An "algorithm" for calculating $ax+b$ would take the steps

  1. Calculate $a$ times $x$
  2. Calculate $b$ plus the result of previous line.

But if the values of $a$ and $b$ are known, can we create a more efficient algorithm for the task?

Of course, when $a = 1$, I can optimize the previous algorithm by simply skipping the first step, and when $b = 0$, an optimization would be to skip step 2. But is there always an optimization that I can do?

More formally

Let $originalAlgorithm$ be the two-step algorithm above. What I want is a meta-algorithm, $M$ that $$ M(a,b) = optimizedAlgorithm $$ and, of course, $$ optimizedAlgorithm(x) = originalAlgorithm(x) = ax+b $$ but $optimizedAlgorithm$ is more time-efficient than $originalAlgorithm$.

  • $\begingroup$ Do you know the answer or have any references for the easier problems of (1) speeding up $a\cdot x$ or (2) speeding up $x + b$? $\endgroup$
    – usul
    Commented May 25, 2014 at 7:19
  • 5
    $\begingroup$ seems close to integer multiplication when one integer is fixed $\endgroup$
    – vzn
    Commented May 30, 2014 at 22:14

3 Answers 3


I would rephrase the question as follows:

Consider the function $F$ and the family of functions $F_{a,b}$ defined as $$F_{a,b}(x) = F(a,b,x) =ax+b.$$
Can we compute $F_{a,b}$ faster than the complexity of $F$?
If yes, given $a$ and $b$, can we algorithmically find such an algorithm?

As babou wrote I think the answer depends on your computation model. Let me explain one case: Consider polynomial size circuits with unbounded fan-in AND, OR, and NOT gates. Time is defined as the depth of the circuit.

$F$ is complete for $\mathsf{TC}^0$, so it requires super-constant depth, the best known upper-bound requires roughly depth $\lg n/\lg \lg n$.

If we fix $a,b$ then $F_{a,b}$ is in $\mathsf{AC^0}$ and therefore can be computed by a constant depth circuit. But the depth is constant only in $n$, not in $a,b$. Can we obtain a dependence of depth on $a$ and $b$ which is better than the more uniform case? The answer is no.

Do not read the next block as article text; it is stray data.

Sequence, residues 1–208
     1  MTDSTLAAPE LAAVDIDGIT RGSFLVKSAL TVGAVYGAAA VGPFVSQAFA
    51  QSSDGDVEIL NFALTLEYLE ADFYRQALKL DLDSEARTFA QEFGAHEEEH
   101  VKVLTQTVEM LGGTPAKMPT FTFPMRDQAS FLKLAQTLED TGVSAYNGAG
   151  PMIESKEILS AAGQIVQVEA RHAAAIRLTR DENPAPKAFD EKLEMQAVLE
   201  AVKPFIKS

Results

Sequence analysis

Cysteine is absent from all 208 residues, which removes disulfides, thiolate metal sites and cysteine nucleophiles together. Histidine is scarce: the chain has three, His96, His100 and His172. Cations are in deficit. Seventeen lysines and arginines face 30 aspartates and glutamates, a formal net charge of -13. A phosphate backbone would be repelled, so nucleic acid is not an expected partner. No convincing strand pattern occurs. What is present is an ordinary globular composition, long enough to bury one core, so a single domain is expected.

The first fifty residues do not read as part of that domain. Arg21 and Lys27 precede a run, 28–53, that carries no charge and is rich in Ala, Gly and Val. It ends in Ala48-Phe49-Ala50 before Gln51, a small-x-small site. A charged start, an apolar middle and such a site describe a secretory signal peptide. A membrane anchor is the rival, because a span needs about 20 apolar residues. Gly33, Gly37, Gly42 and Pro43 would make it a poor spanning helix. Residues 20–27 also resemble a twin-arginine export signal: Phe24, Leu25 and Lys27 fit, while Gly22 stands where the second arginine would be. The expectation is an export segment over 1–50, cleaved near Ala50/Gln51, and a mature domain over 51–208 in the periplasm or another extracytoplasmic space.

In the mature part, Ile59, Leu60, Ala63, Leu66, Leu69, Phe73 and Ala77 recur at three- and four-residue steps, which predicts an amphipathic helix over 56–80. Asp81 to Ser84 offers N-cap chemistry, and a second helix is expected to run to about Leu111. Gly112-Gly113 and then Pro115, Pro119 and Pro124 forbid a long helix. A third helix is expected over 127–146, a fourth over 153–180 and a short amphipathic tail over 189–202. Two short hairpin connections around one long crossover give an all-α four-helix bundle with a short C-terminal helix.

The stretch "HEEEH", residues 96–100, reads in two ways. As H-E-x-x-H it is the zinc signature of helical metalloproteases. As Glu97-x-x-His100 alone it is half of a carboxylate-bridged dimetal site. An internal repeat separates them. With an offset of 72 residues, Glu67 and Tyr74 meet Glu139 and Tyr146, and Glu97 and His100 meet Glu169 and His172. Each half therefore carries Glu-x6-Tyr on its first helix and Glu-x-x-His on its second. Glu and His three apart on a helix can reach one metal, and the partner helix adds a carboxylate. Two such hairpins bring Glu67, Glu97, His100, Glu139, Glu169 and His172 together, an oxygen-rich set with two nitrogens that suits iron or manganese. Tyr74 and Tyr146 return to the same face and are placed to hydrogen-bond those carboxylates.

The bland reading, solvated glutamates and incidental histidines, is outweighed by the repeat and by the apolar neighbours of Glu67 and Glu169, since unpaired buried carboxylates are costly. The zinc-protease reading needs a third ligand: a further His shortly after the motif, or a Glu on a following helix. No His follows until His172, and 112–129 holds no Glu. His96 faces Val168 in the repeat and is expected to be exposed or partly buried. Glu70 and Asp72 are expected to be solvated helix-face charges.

Another model is algebraic circuits with binary plus and times gates and constants. $F$ can be computed in depth $2$. It is easy to see that $F_{a,b}$ cannot be computed in depth $1$.

Now assume a modified algebraic model where we have unbounded fan-in gates. Now $F_{a,b}$ can be computed in depth $1$ by applying addition on $a$ copies of $x$ and one copy of $b$ in one step. $F$ still requires depth $2$.


I think the answer to your question is dependent on the exact setting of your problem, and in particular the representations you intend to use for $a$, $b$, and $x$, as well as the available elementary operations on these representations.

What you want to consider is a partial evaluation of the expression $ax+b$ when $a$ and $b$ are known. As you remarked, there does not seem to be much to be done when the elementary operations are addition and product themselves, except for a few specific values such as the identities of addition and product, in which case partial evaluation can eliminate one of the two operations (or both).

If you express these operation as algorithms on specific representations, you can go further in that direction. For example, if you consider integers represented by sequences of bits (which is not too uncommon), product is then an algorithm that uses shifting and binary additions, depending on the binary representation of $a$. The general algorithm can be specialized for the given value of $a$ and then possibly optimized, according possibly to whathever specificities are discovered. I am not sure how much gain can be expected in this case, but this is how I would start analysing it. This is just partial evaluation applied to the computation expressed at a more elementary level.

This applies more generally to the whole expression, or any expression, when developed into more elementary operations. Note that you do not assert that $a$, $b$, and $x$ are integers, or even real numbers. They could be matrices, for example, or complex numbers.


The expression you want to calculate $ax+b$, independent of a specific model or architecture, using only the algebraic / numeric properties of $a$ and $b$, don't see how it can be computed in another way.

However, as previous answers mention, I will use another way, once you have a model (not a Turing machine, but a concrete model of computation) and representation of the numbers/constants $a$, $b$ a multitude of optimizations can be done.


  1. Depending on the representation of $a$ and $b$, simple binary shifts and addition can be used (a huge time saving).

  2. Alternative multiplication schemes (e.g. Karatsuba multiplication or Russian peasant multiplication). These schemes actually do less operations to calculate a product than the standard definition of multiplication (on a concrete computer model).

  3. Partial evaluation is already mentioned, another optimization.

  4. If this is to be evaluated recursively, a scheme like Horner's algorithm can be very efficient.

  5. If $a$, $b$ ,$x$ are polynomials in $Q[x]$ then FFT (Fast Fourier Transform) can do the callculation in an optimal sense ( $O(NlogN)$ ).

As alternatives to your question


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